3 things small businesses can do to compete in the talent war

3 things small businesses can do to compete in the talent war

(BPT) – Life at a small company, 50 employees or less, has its upsides. But an employee departure is not one of them. When someone from the team moves on to new opportunities, everyone feels it, whether that means shuffling workloads or working extra shifts.

Added to the day-to-day pressures of running a business is finding time and resources to recruit someone with the talent, drive and personality to fill out the team. Not only is the market tight, but it can be hard to compete when top talent is fielding more alluring offers from big companies, which may come with flashy perks and bigger paychecks.

‘An advantage small firms have is that more people are looking to work for a company they feel cares about their well-being,’ said David Poirier, national director of Small Group Sales at Guardian. ‘Small business owners and leaders can evaluate what motivates their employees, and work to enhance their employees’ experience with technology, voluntary benefits and increased flexible work.’

The truth is, small businesses hold big opportunity for talented employees and prospects, and there are a few things a company can do to help improve its recruitment and retention strategy.

1. Support your employees’ financial needs.

Even if you already offer a benefits package, it’s worth finding out whether the current offerings are, in fact, meeting the needs and concerns of employees. For example, four in 10 small business workers say they depend on workplace benefits for financial security, according to the latest set of findings from Guardian’s Annual Workplace Benefits Study: Small Business, Big Benefits.

To create a benefits plan that stands up to the competition, rethinking it as a means to help workers improve financial wellness can serve as a guide. Expanding the offerings to voluntary benefits, such as assistance with student loan repayment, or supplemental health coverage, like accident insurance, for high-deductible health insurance plans, can help workers manage their biggest costs.

Another effective approach is to offer support to help workers achieve their financial goals, such as financial education, support services and professional guidance.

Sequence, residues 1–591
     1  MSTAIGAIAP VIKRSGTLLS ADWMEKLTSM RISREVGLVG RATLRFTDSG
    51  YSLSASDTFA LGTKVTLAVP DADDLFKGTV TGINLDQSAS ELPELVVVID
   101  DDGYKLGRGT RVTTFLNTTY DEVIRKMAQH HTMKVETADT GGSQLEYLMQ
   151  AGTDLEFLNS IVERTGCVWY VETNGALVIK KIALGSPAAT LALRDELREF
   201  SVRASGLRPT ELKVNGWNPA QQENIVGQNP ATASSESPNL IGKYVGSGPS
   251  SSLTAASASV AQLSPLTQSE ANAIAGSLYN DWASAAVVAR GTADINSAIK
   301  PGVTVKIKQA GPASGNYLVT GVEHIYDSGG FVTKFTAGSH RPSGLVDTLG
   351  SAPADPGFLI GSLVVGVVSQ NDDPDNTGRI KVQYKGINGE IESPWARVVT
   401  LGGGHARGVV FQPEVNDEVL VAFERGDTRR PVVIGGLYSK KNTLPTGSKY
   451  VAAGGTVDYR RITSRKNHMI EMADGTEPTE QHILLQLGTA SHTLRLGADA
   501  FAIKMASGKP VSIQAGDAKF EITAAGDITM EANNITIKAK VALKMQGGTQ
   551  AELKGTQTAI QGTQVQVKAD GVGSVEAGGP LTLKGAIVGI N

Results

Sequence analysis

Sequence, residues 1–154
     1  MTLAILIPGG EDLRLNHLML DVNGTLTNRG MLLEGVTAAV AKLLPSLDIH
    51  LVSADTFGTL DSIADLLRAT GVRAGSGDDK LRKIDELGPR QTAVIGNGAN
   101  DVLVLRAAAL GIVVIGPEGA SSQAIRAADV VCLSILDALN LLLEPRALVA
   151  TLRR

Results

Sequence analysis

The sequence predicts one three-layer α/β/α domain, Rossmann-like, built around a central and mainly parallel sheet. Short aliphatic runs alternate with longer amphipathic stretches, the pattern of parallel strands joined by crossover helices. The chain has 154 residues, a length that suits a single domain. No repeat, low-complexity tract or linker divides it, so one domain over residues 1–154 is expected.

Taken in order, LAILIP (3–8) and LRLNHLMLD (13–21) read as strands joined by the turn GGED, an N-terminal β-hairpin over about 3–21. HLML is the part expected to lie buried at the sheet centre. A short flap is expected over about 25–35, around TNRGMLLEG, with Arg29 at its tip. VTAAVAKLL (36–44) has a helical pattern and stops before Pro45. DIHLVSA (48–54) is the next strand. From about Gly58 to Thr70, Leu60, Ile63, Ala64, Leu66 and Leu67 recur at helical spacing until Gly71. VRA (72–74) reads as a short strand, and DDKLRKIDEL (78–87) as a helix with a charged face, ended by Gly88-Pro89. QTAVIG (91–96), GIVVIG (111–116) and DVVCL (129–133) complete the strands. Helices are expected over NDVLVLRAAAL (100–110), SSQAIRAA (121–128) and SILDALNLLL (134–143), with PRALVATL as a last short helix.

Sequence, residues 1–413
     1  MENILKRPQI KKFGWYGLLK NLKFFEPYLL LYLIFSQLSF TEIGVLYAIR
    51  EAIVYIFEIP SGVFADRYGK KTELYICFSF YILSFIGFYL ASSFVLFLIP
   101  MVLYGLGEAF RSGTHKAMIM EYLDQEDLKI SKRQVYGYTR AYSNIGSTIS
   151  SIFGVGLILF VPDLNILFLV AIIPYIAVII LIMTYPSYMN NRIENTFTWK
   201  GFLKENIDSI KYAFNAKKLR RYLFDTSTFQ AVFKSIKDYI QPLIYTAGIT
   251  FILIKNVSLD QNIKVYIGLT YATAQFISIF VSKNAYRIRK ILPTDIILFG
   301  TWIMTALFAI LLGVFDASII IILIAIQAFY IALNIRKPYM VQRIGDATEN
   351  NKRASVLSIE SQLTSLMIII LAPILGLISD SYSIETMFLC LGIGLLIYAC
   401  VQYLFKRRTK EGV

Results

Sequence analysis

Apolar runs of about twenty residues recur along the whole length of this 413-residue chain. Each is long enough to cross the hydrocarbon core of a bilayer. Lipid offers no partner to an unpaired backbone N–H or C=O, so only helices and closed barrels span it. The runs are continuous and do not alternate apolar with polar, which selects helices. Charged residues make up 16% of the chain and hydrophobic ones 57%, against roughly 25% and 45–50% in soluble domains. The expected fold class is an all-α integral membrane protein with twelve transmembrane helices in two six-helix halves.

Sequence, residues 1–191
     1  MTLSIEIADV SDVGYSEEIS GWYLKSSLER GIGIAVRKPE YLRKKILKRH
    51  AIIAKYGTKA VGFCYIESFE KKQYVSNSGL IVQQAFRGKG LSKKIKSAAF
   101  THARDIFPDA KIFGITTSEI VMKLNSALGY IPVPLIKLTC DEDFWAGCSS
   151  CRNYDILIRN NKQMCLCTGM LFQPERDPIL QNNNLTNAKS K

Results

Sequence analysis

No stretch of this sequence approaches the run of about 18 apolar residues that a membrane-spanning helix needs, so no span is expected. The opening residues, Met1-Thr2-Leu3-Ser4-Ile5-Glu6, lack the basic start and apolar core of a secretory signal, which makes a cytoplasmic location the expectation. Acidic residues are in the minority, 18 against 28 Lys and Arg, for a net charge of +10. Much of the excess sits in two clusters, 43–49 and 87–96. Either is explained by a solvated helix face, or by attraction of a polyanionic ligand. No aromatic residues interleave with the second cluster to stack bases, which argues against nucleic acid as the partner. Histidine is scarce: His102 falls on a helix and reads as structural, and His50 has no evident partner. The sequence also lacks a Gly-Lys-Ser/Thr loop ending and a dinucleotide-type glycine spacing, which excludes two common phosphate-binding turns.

2. Enhance work-life balance.

Everyone wants less stress, but unfortunately, work is a common source of it. Take a look at the quality of the workday from the employees’ perspective. Are they always feeling stressed? Are they expected to be available during off-hours to respond to work issues? Most people enjoy a challenge. However, if the work structure keeps the stress response in always-on mode, it makes personal time less enjoyable, diminishing emotional well-being.

In the Guardian study, only half of small-business workers say their employer cares about their overall well-being, yet the results suggest that taking steps to show that you care for employees can raise loyalty. More than half (55 percent) say a caring employer would keep them working for the same employer for 10 years or more.

Fortunately, the study identified some solutions that small businesses can easily provide to show employees they care. For example, an increasing number of small businesses say they have taken steps to improve work-life balance, such as flexible work schedules and remote work options. Wellness packages that help employees optimize their health goals in their spare time, such as discounts for gym memberships, also help.

3. Make the switch to digital

We live in a digital world where consumers have access to everything they want in the palm of their hands. Bringing that same concept into the workplace with benefits can go a long way with employees, particularly because they want their benefits to be easier to access and understand. One thing that is helping small firms, especially start-ups, deliver an enhanced employee experience is the increased use of cloud-based software and digitalizing various aspects of the HR and benefits functions. In fact, the Guardian study found 52 percent of small businesses have digitalized a majority of their benefits processes. For those companies that have made the switch, their satisfaction with the benefits process is considerably higher compared to those who are mostly paper-based. These results suggest an employer that invests in technology will not only be happier with the experience, but they will create a strong culture of well-being in their firm that can help foster retention and loyalty.

While a small business owner has a lot on their plate to keep their business going, it’s important they show their employees that they value their contributions and have their employees’ best interests in mind. Doing that can make a small firm one that attracts top talent and inspires good people to stay. If you’re considering changes to your benefits, contact The Guardian Life Insurance Company of America.


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